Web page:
Redrawing the patient as a consumer. Who benefits and who loses? Where does pressure for such changes come from?
Prof Jonathan Tritter, University of Warwick
Respondent: Professor Jim Parle, Primary Care and GP
In NHS management and in guidance from Whitehall patients in England are increasingly portrayed as consumers, much as in buyers of goods and commercial services. This reshaping of the patient is not well received by many health professionals, who like to think of their work as professional, highly personal and relational, based on trust, quality assured and regulated.
The tension between the increasing emphasis on patient and public involvement on the one hand and patient consumerism on the other hand presents challenges for health professionals, health managers, patients and the public. Where does the pressure for patient consumerism come from? What do those with a stake in health systems think of this evolution in health policy? Prof Tritter will address this topic from an international viewpoint. He is lead author on an extensive 3 country study on this topic- covering England, Sweden and Finland within a EU and wider global context (WHO, World Trade Organisation, OECD).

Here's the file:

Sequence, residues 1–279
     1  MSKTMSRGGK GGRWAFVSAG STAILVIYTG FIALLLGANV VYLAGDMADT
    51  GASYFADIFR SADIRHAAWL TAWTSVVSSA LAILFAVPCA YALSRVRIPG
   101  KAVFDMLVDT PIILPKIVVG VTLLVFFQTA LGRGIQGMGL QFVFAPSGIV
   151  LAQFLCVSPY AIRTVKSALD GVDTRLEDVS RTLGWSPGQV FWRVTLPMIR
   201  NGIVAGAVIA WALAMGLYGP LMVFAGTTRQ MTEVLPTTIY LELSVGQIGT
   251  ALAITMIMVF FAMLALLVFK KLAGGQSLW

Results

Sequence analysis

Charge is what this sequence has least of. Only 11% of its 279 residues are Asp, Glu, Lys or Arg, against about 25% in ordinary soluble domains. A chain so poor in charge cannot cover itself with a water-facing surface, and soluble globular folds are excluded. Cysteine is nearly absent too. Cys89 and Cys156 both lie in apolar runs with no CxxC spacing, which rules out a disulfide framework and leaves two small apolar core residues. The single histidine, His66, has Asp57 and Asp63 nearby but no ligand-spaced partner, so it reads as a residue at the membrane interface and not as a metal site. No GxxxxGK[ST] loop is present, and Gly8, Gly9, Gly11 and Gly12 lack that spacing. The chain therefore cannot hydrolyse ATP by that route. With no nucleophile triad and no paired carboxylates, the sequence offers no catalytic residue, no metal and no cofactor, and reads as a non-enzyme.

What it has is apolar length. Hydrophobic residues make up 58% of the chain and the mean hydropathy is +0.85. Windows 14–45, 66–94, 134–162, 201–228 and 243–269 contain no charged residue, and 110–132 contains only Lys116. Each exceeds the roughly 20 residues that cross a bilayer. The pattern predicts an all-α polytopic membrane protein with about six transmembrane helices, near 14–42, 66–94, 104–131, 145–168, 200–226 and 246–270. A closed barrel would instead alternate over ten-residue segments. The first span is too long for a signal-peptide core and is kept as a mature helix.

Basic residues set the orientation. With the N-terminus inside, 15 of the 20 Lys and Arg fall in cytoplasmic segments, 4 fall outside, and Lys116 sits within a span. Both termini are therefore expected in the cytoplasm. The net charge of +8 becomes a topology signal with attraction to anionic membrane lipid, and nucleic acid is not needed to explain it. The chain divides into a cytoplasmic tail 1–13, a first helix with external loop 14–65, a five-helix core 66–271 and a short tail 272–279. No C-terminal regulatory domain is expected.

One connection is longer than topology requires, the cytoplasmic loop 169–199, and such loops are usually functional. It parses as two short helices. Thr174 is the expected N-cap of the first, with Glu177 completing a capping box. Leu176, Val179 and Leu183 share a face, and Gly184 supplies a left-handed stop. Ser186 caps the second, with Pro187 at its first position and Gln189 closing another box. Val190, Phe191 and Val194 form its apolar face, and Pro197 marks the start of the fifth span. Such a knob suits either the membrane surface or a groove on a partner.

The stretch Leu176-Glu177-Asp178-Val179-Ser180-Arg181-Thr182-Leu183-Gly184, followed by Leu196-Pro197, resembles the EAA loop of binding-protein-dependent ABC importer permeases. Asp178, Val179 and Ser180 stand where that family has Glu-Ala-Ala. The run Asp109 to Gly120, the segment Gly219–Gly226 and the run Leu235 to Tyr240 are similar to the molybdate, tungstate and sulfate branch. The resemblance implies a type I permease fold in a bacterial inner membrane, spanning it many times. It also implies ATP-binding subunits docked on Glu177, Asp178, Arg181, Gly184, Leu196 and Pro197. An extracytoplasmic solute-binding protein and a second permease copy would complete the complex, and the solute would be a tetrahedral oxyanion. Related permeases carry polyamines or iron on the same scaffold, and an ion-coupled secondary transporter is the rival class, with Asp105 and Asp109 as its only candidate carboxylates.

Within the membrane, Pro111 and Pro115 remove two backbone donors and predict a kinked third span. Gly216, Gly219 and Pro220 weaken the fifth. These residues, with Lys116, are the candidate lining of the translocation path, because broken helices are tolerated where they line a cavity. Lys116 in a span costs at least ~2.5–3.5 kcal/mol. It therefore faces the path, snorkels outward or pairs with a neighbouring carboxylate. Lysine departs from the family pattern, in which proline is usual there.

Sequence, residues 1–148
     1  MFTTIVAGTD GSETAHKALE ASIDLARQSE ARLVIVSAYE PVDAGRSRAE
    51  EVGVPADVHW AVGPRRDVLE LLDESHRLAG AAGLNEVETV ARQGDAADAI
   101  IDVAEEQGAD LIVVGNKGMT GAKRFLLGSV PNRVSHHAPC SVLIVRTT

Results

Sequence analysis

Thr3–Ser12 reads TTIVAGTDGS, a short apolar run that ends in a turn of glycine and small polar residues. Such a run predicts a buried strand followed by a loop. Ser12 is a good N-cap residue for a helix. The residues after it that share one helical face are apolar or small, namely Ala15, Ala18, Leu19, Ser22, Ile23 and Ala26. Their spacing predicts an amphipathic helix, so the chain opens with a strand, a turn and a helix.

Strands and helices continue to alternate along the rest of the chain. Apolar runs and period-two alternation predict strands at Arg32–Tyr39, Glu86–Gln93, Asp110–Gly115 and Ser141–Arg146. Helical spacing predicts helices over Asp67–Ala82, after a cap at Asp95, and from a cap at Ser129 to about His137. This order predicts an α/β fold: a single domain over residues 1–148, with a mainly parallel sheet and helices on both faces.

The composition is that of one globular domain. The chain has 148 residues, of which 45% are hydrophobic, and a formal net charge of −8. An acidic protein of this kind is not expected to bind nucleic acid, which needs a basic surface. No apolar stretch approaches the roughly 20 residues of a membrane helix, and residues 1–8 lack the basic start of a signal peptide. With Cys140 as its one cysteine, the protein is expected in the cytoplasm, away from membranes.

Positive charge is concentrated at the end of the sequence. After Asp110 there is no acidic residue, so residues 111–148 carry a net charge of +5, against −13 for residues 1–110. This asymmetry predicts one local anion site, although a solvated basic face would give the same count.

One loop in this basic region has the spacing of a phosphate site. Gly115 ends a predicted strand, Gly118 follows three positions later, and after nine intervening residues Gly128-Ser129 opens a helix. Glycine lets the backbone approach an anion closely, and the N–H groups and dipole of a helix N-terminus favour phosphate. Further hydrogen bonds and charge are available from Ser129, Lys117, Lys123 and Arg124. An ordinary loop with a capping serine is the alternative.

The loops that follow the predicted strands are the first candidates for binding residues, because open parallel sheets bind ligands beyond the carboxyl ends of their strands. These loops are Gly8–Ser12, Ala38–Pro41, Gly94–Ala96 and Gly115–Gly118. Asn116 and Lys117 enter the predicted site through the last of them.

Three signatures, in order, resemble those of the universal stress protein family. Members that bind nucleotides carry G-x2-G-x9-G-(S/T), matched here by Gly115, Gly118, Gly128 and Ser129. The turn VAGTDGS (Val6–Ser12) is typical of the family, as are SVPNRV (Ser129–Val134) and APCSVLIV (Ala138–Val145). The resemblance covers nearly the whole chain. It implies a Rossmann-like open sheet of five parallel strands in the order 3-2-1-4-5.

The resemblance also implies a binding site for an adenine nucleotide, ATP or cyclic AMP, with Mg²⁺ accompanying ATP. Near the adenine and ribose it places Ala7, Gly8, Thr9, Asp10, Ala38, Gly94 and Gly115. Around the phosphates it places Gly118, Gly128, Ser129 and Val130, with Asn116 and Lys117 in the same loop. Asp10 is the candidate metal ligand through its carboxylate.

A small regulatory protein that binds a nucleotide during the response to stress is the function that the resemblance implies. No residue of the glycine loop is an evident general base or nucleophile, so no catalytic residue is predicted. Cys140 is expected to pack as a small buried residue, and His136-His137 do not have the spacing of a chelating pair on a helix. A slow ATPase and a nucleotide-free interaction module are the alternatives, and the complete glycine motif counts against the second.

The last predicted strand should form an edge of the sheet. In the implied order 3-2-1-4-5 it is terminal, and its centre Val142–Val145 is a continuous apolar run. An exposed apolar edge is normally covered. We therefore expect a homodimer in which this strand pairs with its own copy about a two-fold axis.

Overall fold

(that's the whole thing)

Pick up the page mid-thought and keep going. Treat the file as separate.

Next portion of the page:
The respondent, Prof Jim Parle, Primary Care Clinical Sciences, will comment on implications for patients and professionals in the consulting room, potential effects on equity and the research agenda.
Professor Jonathan Tritter is based in the International Centre for Governance and Public Management in Warwick Business School. Jonathan's main research interests relate to public participation and lay experience in policy making and service development particularly in relation to health and environmental policy. He is involved in a range of international and national research and development work that focuses particularly on the evidence base on the impact of patient and public involvement.
Jonathan has degrees from the University of Chicago and Oxford University. He established and led the National NHS Centre for Involvement and coordinates the User/University Teaching and Research Action Partnership in Health and Social Care which supports user involvement in research and teaching across the University and is Editor-in-Chief of Health Expectations. He is Chair of the Health Protection and Society Advisory Group for the Health Protection Agency.
His latest book, with Meri Koivusalo, Eeva Ollila and Paul Dorfman, is: "Globalisation, Markets and Healthcare Policy: Redrawing the Patient as Consumer" and was published by Routledge in August 2010.